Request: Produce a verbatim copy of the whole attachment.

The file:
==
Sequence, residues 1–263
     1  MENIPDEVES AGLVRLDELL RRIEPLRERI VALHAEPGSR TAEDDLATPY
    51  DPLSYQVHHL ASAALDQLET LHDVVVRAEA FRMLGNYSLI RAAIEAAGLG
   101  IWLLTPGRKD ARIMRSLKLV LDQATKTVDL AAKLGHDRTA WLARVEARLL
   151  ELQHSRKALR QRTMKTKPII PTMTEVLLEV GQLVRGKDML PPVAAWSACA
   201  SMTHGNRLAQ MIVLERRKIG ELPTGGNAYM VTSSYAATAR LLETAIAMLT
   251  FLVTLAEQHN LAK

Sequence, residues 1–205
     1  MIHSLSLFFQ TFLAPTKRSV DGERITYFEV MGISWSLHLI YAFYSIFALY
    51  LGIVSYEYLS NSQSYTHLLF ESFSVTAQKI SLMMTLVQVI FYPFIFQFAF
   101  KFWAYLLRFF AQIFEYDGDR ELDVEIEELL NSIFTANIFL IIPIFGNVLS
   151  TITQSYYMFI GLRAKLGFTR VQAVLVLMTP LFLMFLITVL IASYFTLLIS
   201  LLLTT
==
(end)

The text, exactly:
Sequence, residues 1–263
     1  MENIPDEVES AGLVRLDELL RRIEPLRERI VALHAEPGSR TAEDDLATPY
    51  DPLSYQVHHL ASAALDQLET LHDVVVRAEA FRMLGNYSLI RAAIEAAGLG
   101  IWLLTPGRKD ARIMRSLKLV LDQATKTVDL AAKLGHDRTA WLARVEARLL
   151  ELQHSRKALR QRTMKTKPII PTMTEVLLEV GQLVRGKDML PPVAAWSACA
   201  SMTHGNRLAQ MIVLERRKIG ELPTGGNAYM VTSSYAATAR LLETAIAMLT
   251  FLVTLAEQHN LAK

Sequence, residues 1–205
     1  MIHSLSLFFQ TFLAPTKRSV DGERITYFEV MGISWSLHLI YAFYSIFALY
    51  LGIVSYEYLS NSQSYTHLLF ESFSVTAQKI SLMMTLVQVI FYPFIFQFAF
   101  KFWAYLLRFF AQIFEYDGDR ELDVEIEELL NSIFTANIFL IIPIFGNVLS
   151  TITQSYYMFI GLRAKLGFTR VQAVLVLMTP LFLMFLITVL IASYFTLLIS
   201  LLLTT